Stephen Francis Badylak, D.V.M., M.D., Ph.D.
Stephen Francis Badylak, D.V.M., M.D., Ph.D., is a Research Professor in the Department of Surgery and director of the Center for Preclinical Testing at the McGowan Institute for Regenerative Medicine at the University of Pittsburgh. In 1976, he received his D.V.M. from Purdue University and he completed his M.S. in Clinical Pathology from Purdue University in 1978. Dr. Badylak also holds a Ph.D. in Anatomic Pathology from Purdue University (1981) and graduated with highest honors with a M.D. from Indiana University Medical School in 1985.
Prior to his post graduate training, Dr. Badylak practiced veterinary medicine at a mixed animal practice in Glenwood, Illinois and in Hobart, Indiana. Dr. Badylak began his academic career at Purdue University in 1983 as an Assistant Research Scholar at the Hillenbrand Biomedical Engineering Center.
During his tenure at Purdue University, Dr. Badylak held a variety of positions including Postdoctoral Research Associate (1985) and Associate Research Scholar (1988) and he eventually served as the Director of the Hillenbrand Biomedical Engineering Center from 1995-1998. Dr. Badylak held a dual appointment as an Associate Professor within the Department of Veterinary Physiology and Pharmacology and also practiced medicine as the Head Team Physician for the Athletic Department for 16 years (1985-2001). Prior to joining the faculty of the University of Pittsburgh, Dr. Badylak served as Senior Research Scientist within the Department of Biomedical Engineering at Purdue University and Adjunct Associate Professor of Pathology and Laboratory Medicine at the Indiana University School of Medicine.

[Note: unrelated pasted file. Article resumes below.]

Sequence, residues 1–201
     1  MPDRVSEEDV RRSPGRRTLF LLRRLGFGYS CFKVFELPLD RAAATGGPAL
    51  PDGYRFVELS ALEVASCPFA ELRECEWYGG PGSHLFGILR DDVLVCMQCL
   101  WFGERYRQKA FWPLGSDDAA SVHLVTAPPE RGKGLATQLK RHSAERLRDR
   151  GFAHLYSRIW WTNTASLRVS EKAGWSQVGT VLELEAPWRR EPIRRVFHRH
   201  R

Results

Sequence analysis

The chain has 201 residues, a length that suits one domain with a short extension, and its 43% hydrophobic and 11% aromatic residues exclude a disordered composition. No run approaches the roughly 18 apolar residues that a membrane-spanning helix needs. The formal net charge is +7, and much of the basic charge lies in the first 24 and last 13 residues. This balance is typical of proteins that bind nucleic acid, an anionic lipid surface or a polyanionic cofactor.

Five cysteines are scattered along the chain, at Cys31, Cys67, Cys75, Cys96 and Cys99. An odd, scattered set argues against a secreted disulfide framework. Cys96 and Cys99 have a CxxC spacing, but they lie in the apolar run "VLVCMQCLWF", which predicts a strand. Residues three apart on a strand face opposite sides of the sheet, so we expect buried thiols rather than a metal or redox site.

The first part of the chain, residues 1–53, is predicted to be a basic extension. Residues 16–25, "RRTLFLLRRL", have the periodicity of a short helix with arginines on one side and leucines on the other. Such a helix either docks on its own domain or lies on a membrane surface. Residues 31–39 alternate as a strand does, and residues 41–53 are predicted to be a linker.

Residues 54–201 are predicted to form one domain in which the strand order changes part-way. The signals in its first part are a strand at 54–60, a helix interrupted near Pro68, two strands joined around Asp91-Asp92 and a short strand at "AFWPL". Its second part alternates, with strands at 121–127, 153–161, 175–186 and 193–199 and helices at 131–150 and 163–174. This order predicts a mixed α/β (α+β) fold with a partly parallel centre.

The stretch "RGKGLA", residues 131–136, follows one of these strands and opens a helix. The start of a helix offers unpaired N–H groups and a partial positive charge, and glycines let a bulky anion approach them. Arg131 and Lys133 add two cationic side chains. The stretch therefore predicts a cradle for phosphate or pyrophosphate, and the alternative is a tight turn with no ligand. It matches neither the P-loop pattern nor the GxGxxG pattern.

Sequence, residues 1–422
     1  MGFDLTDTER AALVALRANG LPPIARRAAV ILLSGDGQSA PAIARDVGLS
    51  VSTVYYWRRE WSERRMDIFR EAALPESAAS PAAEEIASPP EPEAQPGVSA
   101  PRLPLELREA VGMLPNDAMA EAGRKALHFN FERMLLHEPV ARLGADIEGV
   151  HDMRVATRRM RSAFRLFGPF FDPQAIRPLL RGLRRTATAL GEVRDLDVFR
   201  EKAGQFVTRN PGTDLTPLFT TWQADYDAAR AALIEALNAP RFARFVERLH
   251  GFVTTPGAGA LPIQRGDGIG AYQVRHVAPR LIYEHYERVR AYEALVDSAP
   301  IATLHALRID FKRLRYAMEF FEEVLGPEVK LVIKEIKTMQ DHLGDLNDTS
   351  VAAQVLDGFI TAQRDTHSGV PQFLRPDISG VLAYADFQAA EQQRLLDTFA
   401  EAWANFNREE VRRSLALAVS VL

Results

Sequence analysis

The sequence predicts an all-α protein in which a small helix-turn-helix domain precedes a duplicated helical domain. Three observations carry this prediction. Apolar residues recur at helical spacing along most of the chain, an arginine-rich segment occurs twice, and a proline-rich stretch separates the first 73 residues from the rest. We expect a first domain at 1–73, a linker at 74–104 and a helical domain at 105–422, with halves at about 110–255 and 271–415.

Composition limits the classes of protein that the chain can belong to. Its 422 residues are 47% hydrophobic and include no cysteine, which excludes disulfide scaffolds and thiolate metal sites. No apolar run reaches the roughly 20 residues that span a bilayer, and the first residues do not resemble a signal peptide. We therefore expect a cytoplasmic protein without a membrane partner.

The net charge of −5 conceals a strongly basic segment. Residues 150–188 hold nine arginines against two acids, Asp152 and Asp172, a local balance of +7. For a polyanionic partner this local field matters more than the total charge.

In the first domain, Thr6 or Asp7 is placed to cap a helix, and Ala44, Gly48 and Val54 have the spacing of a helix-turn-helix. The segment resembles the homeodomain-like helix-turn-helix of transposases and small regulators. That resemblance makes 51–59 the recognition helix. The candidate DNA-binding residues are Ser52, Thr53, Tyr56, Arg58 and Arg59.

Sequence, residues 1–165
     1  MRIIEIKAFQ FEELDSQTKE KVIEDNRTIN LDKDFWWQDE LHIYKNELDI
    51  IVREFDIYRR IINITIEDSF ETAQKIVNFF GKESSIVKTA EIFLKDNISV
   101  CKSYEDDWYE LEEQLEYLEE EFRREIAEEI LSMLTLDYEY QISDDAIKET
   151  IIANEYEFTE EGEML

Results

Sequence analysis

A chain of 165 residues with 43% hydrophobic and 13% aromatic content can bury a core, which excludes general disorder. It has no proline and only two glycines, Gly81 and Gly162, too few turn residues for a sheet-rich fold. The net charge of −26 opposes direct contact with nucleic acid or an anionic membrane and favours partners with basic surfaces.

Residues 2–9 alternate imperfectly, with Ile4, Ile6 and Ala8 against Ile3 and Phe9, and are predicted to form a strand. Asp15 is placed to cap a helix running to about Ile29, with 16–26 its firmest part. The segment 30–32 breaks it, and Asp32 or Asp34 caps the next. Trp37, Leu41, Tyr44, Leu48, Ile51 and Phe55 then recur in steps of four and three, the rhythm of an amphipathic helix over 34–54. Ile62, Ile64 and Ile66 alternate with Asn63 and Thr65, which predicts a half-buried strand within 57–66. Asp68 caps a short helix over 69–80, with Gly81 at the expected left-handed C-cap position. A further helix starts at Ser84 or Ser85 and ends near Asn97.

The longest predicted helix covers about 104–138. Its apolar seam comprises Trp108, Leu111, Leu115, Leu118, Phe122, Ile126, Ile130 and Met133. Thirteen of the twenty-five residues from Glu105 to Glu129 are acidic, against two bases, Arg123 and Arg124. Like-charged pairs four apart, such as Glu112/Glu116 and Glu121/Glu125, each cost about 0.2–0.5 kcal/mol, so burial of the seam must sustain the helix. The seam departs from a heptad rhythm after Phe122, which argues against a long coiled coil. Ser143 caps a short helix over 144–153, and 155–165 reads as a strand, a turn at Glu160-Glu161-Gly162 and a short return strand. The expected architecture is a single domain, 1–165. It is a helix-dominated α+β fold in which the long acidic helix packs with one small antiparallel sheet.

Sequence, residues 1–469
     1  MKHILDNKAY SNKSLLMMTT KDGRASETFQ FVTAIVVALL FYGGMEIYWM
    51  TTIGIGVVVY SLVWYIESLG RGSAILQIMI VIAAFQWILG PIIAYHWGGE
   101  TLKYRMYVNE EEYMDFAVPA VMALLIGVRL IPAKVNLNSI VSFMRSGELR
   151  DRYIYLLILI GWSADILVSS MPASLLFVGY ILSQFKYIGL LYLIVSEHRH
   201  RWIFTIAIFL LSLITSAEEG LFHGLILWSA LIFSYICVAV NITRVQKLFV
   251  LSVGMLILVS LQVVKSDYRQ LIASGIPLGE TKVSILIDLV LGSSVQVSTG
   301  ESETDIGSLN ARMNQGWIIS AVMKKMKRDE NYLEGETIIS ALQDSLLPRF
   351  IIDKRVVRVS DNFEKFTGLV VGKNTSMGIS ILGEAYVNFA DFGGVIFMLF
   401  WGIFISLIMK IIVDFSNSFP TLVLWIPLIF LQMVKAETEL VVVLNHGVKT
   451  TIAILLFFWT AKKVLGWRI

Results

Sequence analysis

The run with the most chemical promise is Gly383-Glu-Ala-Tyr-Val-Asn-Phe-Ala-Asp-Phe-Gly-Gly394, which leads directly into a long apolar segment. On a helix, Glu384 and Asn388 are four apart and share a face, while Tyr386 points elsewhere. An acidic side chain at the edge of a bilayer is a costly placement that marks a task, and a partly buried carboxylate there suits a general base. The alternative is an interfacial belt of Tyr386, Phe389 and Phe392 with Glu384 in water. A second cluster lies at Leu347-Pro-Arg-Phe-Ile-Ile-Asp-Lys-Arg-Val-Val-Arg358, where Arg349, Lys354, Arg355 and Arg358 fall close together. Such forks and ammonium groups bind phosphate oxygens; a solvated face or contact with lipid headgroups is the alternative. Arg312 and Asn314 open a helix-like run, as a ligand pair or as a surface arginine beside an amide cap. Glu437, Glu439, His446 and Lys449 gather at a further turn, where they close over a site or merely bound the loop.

Dr. Badylak holds over 40 US patents and 200 patents worldwide and has authored more than 160 scientific publications and 12 book chapters. He has served as the Chair of the Purdue University Tissue Engineering Advisory Board and as chair of several Study Sections for the National Institutes of Health (NIH), including the bioengineering, Technology, and Surgical Sciences Study Section. Dr. Badylak has either chaired or been a member of the Scientific Advisory Board to several major medical device companies.